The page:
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Saturday, August 29, 2015

KH500 Refurbishment - Fuel/Air System work

I've been taking apart the old 1976 KH500, a bike I've owned since high school, to get it ride-worthy again.  This is not a restoration, just a clean-up and replacement of worn-out stuff, hopefully mainly rubber and plastics.  I'm in the process of taking it apart and evaluating what must be done to get it a) Running and b) Safe to ride.

The worst part so far has been getting all the old dried-up two-stroke oil cleaned off the bike.  It took a couple of cans of brake cleaner (containing trichloroethelyne) to get down to metal in some places. The exhaust chambers are three-piece items and tend to leak half-burnt oil out the joints.  The oil then goes everywhere.  Even after I took the photo below, there was quite a bit more gunk to clean off the engine and lower parts of the bike.

I'm figuring it will take about $1000 in new parts, of which $200-$300 will be due to installing modern tires.  With much of the bike disassembled, and parts on the bench, it's easier to tell what will need to be fixed, replaced, or rebuilt.

The first thing I did was to build a stand to hold it upright, because it's difficult to work on the down-sloping side of a bike on a kickstand.  When I installed the expansion chambers, the center-stand had to go.  No loss.  It weighed 10 lbs and I rarely used it.

This rig is better than a centerstand, because I don't have to remove the chambers to use it, and it's more stable than a kickstand.  When the time arrives to remove the wheels for tire replacement, I will pull the chambers, and put the bike up on a floor jack.

In the meantime, I've taken stock of issues with the fuel/air system.

The fuel tank was 1/4 full of foul, vinegar-smelling gasoline.  I dumped that into an oil drain pan and burned it. It burned off with a nasty black smoke.

I still need to run acetone through the tank to dissolve the skunky gasoline deposits (aka "varnish").

The gasket on the fuel tank cap dried out and cracked.  The replacement is a bargain at $10

Below is the fuel petcock.  This mounts to the bottom of the fuel tank, with the long brass tube pointing up inside the tank.  The long brass tube with the filter is the normal fuel supply, while the short filter is the reserve.  This particular petcock design acts as a fuel shut-off valve when the engine is not running.   When the engine is running, a vacuum fitting on one of the carburetors pulls on a diaphragm, which opens a fuel valve, allowing gasoline to flow down to the carburetors.

The gasket between the fuel tank and petcock is shot.
Both of the fuel filter socks are brittle and torn.  There are some other rubber internals that have gotten hard and probably won't seal.

Below, the pentagon-shaped cover for the vacuum diaphragm.

Below, the four position fuel valve on the petcock.  The "prime" position is for when the carburetors have no fuel in them to start the bike.  "Prime" allows fuel to flow even when there is no vacuum on the diaphragm, so that the engine can be started initially.  The petcock body needs a lot of clean-up and polishing.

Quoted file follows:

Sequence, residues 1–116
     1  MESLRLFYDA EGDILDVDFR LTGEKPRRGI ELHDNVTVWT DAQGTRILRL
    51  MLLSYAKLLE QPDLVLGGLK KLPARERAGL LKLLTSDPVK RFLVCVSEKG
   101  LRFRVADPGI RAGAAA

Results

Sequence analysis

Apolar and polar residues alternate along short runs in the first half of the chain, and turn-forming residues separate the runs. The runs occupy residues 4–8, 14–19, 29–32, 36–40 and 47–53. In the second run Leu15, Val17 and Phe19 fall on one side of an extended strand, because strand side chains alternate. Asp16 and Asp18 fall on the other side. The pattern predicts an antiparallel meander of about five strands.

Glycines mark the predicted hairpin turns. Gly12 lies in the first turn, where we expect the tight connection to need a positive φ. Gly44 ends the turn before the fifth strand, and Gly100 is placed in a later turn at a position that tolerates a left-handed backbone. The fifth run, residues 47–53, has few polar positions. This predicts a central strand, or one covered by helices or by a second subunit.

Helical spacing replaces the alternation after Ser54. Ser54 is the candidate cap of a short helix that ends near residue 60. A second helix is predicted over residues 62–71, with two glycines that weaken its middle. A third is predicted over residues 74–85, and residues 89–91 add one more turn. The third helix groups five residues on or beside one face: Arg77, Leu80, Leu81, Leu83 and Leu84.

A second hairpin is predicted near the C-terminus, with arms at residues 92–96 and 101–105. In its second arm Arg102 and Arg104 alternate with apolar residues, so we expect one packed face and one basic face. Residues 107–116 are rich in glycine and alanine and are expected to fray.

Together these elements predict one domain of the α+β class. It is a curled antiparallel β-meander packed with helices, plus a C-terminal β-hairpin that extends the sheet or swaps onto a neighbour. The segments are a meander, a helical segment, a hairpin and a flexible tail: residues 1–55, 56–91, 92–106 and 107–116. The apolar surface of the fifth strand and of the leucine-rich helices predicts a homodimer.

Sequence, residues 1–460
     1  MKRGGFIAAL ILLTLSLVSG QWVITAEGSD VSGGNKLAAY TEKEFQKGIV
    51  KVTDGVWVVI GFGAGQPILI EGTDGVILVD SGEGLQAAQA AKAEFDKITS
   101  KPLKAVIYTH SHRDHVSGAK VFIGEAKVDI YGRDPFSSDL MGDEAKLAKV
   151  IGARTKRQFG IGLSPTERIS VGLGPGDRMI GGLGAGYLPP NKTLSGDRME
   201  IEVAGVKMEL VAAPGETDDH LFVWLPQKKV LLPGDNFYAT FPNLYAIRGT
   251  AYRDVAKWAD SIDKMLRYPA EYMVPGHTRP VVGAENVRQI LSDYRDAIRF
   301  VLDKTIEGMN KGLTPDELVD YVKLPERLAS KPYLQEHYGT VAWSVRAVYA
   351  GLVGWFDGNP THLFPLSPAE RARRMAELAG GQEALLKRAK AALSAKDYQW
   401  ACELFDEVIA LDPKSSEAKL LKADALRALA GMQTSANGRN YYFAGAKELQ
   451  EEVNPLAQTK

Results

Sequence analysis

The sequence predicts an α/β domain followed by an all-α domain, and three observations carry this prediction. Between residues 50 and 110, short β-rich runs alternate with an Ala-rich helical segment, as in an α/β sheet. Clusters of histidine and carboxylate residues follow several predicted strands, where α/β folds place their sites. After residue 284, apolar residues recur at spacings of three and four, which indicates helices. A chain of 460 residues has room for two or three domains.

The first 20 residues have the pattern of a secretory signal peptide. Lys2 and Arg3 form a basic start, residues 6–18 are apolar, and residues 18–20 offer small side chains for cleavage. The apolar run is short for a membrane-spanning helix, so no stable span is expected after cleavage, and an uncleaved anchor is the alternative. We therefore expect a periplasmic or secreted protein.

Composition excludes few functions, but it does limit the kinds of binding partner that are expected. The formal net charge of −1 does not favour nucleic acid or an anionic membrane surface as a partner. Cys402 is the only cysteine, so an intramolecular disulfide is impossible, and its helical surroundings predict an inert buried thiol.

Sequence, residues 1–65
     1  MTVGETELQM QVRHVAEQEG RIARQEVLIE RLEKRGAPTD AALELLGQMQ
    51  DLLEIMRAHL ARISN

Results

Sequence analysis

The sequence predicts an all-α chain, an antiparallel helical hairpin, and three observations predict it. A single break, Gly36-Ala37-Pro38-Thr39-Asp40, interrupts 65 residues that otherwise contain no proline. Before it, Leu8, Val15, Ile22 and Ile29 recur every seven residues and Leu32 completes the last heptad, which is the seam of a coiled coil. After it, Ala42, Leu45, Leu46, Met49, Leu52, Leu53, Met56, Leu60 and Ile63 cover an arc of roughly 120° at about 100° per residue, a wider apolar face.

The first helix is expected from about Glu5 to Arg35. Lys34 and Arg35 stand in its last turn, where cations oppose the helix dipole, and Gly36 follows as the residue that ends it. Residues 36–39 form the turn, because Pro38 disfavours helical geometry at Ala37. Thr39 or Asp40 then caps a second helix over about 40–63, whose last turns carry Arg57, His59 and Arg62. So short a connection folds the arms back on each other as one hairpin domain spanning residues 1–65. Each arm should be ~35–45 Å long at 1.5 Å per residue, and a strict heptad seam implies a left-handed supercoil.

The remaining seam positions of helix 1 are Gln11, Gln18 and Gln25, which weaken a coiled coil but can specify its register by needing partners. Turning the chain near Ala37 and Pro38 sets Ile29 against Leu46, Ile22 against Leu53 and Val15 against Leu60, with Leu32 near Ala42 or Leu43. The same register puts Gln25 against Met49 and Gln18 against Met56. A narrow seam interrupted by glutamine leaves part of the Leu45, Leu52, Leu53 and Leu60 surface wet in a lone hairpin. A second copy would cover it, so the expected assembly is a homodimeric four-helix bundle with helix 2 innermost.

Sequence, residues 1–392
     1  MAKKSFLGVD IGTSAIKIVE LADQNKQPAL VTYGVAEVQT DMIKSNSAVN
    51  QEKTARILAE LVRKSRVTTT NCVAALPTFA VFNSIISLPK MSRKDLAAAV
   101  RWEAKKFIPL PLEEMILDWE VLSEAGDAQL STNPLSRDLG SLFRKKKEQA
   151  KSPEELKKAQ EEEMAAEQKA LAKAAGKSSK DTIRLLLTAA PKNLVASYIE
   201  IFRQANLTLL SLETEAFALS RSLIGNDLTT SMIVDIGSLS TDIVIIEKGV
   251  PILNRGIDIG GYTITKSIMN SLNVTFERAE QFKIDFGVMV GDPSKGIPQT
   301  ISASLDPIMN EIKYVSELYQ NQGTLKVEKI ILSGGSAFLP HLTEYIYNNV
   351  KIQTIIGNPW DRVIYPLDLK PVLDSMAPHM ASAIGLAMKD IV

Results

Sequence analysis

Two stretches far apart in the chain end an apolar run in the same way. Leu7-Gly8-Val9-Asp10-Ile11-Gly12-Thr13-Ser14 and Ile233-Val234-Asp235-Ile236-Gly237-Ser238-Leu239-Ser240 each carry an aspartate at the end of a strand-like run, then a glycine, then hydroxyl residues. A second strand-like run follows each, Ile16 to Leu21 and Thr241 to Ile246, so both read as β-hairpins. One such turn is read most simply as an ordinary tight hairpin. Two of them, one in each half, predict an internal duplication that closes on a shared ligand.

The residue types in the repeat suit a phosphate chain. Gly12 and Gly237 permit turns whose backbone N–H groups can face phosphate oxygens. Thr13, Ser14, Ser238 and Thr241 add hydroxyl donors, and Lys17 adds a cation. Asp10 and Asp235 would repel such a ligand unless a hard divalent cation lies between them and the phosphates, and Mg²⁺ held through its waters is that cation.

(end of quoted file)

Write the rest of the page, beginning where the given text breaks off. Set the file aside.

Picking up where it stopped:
Fortunately they make a nice soft-parts rebuild kit for this petcock.  It's only $100.  Ouch!

The rubber strap that holds the rear of the fuel tank down is cracked, and needs to be replaced.

They sell these too, for $13.

The fuel lines are hard and need to be replaced.  You could play a drum with these, they are so stiff.  However they are just clear (hahaha) 1/4" tubing, nothing exotic or expensive.

The Mikuni VM28SC carbs:

The carburetors need to be soaked in GUNK overnight ($19 at Wal-Mart) and then completely rebuilt.

Rebuild kits are $30 each (x 3 carbs)

I also need to re-jet the carbs. When I installed the expansion chambers and the ported cylinders that came from a drag-bike, I increased the main jet size two steps, from #80 to #85.  I am pretty sure this is still way too little fuel, because the bike still bogged down when it got onto the pipe.  I will try #100-110 on the main jets.  (Main jets can be ordered in #2.5 increments)

Below:  Main Jet.  Set of four for $13 (many bikes have four cylinders, so I get an extra jet per set).

I will also increase the pilot jet size from #25 to #30, Below.  Set of four, $40

Semi-clean carbs...  Notice the right carburetor has an additional tubing fitting on the right side?  That's for the vacuum line for the petcock to open the fuel valve.

Simple!  Nothing to it... actually it's pretty easy stuff.

I need to replace the rubber boots that fit over the top of the carbs to keep rain water out.  Mine are cracked.  $35 for a set of three.

The inlet manifold (below) is made of thick rubber, and is badly cracked.

Fortunately there is enough demand that the aftermarket has begun manufacturing these.  $95 for the aftermarket, $225 for the original Kawasaki part.  I am less concerned about originality than functionality :)

The air filter is a typical K&H that just needs to be cleaned and have the oil refreshed.

From what I can tell, this pretty much sums up what will need to be done on the fuel/air system.  Now I just need time...

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